- Cesar Cabral (elbow) is basically doing the same thing as Pineda right now, throwing off flat ground from “extended distances.” The Yankees plan to keep the 2011 Rule 5 Draft pick next year, but Newman said he’s unlikely to return until May. Cabral has to spend at least 90 days on the active 25-man roster next season to satisfy the Rule 5 Draft rules.
Newman also confirmed to Jennings that top prospect Mason Williams (shoulder) has resumed swinging a bat in Tampa. He had surgery in August and was recently cleared to begin workouts. Sounds like he’ll be ready to go once camp starts.
All 30 managers meet with the media for 30-ish minutes during the Winter Meetings, and Joe Girardi held his Q&A session late this afternoon. It’s pretty typical of Yankees people to speak a lot of words but not actually say much, and this was no different. I don’t have the audio to share because the quality is awful, but here’s a recap…
- Girardi confirmed what Brian Cashman said yesterday, that A-Rod didn’t say anything about his hip until being pinch-hit for in Game Three of the ALCS. “His hips weren’t firing right. It wasn’t pain but he felt it was not the explosiveness … I was somewhat worried because he’d been through it on his right hip and you’d think he’d know what the feeling was like. It wasn’t firing the way he thought.”
- A-Rod went for an MRI on his right hip after the game, and when it came back clean Girardi kept playing him. He did acknowledge Alex “did look different than he did before he got hurt.” The team doesn’t know exactly when the injury happened.
- On losing A-Rod for the first half of next year: “It’s big. You go into an offseason and you feel you have to address certain areas and all of a sudden you get a little bit of a surprise. It’s a pretty big hole to fill, and it may not necessarily be (filled) with one person.”
- “I’m not sure,” said the skipper when asked about any tension in his relationship with A-Rod. “It probably answers a lot of questions — he wasn’t the Alex we saw before the injury. Now we have a reason, possibly why.”
A year ago, the Yankees somewhat surprisingly won 97 games and a division title despite featuring a patchwork rotation behind CC Sabathia. Rookie Ivan Nova was given a rotation spot and excelled, but behind him you had a struggling/injured Phil Hughes, a junkball specialist in Freddy Garcia, and the definition of a retread in Bartolo Colon. He hadn’t thrown more than 80 innings in a big league season since 2007. Yet the Yankees won and won a lot with that starting staff.
When the offseason came, Brian Cashman & Co. set out to improve that patchwork rotation. They brought Garcia back for depth but otherwise waited the market out. And waited. And waited some more. Then, in one fell swoop, the Yankees swung a four-player trade for Michael Pineda and signed Hiroki Kuroda to a one-year contract. News of the two moves broke within about an hour of each other, and just like that the rotation was fixed. At least in theory. Kuroda was fantastic this season, but things hardly went according to plan for Pineda.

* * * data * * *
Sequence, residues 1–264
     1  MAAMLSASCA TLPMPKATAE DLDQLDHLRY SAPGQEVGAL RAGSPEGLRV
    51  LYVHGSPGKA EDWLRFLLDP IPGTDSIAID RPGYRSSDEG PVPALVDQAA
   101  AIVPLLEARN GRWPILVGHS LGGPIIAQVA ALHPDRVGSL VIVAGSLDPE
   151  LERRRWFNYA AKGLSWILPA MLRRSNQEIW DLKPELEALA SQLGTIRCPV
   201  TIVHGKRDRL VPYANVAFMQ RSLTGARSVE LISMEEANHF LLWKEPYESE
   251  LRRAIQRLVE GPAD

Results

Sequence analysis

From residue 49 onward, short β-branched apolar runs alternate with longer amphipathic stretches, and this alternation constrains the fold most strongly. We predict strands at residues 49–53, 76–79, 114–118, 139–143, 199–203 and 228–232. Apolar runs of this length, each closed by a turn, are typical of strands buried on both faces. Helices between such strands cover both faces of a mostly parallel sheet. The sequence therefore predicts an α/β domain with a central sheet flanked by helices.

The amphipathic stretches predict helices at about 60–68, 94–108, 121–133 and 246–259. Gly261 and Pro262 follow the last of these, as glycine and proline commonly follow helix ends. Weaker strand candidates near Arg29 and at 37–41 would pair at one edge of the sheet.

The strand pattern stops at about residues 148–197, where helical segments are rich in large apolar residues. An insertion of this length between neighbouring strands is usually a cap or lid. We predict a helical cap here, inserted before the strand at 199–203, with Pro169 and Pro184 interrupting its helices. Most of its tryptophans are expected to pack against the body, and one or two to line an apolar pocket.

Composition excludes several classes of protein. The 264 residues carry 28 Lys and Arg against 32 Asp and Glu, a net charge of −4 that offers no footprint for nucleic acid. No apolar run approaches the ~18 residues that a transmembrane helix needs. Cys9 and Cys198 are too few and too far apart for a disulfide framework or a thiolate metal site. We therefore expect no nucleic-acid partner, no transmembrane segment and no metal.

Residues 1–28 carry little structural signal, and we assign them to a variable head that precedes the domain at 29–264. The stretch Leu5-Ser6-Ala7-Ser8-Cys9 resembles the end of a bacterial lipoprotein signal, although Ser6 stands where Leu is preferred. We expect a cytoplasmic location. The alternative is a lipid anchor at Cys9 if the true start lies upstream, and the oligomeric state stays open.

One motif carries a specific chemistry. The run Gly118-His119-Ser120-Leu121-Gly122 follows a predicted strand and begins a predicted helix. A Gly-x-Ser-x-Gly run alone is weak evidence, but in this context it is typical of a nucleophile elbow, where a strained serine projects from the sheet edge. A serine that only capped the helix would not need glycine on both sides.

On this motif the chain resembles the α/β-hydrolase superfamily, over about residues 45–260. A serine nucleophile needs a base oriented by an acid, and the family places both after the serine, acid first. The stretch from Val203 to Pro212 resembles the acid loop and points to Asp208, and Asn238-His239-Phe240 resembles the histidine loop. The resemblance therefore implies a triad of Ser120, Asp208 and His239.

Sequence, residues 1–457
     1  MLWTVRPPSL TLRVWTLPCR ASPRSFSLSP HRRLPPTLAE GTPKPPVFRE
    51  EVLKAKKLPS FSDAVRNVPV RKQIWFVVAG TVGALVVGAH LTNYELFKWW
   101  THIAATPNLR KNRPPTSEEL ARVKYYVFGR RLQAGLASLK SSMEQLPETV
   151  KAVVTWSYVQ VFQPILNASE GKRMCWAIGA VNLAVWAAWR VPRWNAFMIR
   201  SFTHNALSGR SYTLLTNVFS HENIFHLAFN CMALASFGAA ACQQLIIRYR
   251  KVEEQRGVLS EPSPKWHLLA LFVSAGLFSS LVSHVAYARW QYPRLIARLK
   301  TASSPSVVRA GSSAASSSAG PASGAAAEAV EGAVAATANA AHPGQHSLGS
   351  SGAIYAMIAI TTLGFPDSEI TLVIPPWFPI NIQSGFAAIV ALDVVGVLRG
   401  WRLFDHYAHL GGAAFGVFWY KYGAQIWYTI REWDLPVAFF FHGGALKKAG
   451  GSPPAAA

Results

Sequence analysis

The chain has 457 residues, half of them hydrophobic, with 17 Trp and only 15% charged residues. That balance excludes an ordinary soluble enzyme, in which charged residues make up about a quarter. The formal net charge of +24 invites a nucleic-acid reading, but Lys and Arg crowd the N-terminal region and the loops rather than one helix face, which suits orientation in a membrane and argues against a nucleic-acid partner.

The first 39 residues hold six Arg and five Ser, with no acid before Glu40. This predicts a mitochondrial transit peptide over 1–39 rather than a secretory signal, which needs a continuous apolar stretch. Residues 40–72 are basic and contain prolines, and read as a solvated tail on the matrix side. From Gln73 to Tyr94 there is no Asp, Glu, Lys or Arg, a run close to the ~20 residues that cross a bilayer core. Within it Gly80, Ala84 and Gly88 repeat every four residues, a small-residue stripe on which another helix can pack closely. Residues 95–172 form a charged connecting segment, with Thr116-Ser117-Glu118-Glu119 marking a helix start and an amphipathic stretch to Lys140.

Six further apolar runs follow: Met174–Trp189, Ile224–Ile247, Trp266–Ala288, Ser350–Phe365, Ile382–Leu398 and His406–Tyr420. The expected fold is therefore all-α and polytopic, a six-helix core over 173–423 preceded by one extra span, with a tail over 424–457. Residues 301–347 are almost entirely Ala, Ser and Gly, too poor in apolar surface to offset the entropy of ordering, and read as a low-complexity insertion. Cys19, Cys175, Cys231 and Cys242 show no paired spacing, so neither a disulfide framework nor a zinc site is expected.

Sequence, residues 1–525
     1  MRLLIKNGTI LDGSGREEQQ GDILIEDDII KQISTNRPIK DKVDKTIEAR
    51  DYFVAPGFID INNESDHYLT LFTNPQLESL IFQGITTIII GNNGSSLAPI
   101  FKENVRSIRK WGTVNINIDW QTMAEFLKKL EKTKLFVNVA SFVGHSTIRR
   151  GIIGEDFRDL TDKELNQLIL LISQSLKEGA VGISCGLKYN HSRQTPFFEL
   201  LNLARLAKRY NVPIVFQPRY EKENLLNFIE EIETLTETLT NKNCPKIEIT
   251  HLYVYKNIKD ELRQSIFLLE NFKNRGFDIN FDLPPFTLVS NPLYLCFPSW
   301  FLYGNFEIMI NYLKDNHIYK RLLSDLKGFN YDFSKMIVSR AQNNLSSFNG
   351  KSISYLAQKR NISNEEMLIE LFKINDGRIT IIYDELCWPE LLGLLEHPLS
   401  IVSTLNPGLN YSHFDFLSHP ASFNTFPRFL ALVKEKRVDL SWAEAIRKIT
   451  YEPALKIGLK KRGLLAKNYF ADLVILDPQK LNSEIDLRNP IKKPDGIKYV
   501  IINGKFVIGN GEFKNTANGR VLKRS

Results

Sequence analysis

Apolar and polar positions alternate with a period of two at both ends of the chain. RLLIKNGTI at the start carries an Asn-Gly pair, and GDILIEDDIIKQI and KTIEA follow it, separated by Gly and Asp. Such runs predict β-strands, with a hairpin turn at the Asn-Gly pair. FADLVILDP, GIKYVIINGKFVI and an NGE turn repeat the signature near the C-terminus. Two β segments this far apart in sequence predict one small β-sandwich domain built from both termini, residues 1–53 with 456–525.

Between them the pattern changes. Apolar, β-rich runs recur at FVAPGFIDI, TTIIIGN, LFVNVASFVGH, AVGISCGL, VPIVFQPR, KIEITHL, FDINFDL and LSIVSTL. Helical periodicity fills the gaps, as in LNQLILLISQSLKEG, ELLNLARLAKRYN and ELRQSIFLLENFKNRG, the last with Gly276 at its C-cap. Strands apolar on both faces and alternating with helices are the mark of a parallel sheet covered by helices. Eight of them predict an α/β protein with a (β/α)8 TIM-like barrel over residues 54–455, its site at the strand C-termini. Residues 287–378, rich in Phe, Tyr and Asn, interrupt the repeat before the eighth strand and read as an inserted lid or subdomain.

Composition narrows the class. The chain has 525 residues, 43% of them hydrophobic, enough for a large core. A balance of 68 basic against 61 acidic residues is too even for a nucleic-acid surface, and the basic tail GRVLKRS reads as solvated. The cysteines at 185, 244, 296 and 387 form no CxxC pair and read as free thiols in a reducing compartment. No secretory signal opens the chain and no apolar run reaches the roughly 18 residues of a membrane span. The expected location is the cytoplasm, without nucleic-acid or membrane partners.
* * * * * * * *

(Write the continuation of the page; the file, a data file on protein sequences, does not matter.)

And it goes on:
* * *
Pineda, who turned 23 a few days after the trade, was coming off an All-Star season with the Mariners in which he became the first rookie in baseball history (!) to record a 9.0+ K/9 with a sub-3.0 BB/9 while qualifying for the ERA title. His fastball lived in the 94-96 range and his mid-80s slider generated a swing-and-miss nearly 40% of the time (38.5%, to be exact). He needed to work on his changeup and the Yankees knew that, but pitchers that young who can miss bats and limit walks are rare breeds. With the 2014 payroll plan looming and the club in desperate need of a young, high-end arm, Pineda seemed like exactly what the Yankees needed.
With the media circus circling like vultures and waiting for any slip-up, Pineda came to Spring Training overweight. He said it was ten pounds but Brian Cashman said it was 20. For a kid that big (listed at 6-foot-7, 265 lbs.) gaining 10-20 pounds isn’t a huge deal but it wasn’t a good first impression. The club griped about Seattle’s unconventional offseason workout regime — their pitchers don’t start throwing until a few weeks before Spring Training — but that was mostly just frustration being vented. Pineda did his work and set out to lose the weight.
When the Grapefruit League schedule opened a few weeks later and Pineda made his first start, his trademark fastball was in the 88-91 range. First start of Spring Training? Not a huge deal. Next time out he hit 93 on the gun, but in his third start he was back around 90-91. After three starts you’re expecting to see some improvement as the arm strength builds and the cobwebs are shaken off, but it wasn’t happening for Pineda. His fourth and fifth starts featured more of the same, and what was supposed to be his sixth and final start of Spring Training wound up being his final start of 2012.
The Phillies pounded Pineda (six runs in 2.2 innings) on March 30th and after the game the right-hander complained of soreness in the back of his right shoulder. He had felt it before the game but declined to tell anyone. The Yankees sent Pineda for an MRI, which revealed only shoulder tendinitis and no structural damage to his labrum or rotator cuff. He was to be shut down for 10-15 days and placed on the DL. Pineda gradually worked his way back, first playing catch, then playing long-toss, then throwing a bullpen session, then throwing to hitters in an Extended Spring Training. He felt weakness in his shoulder during that ExST game was shutdown after one inning.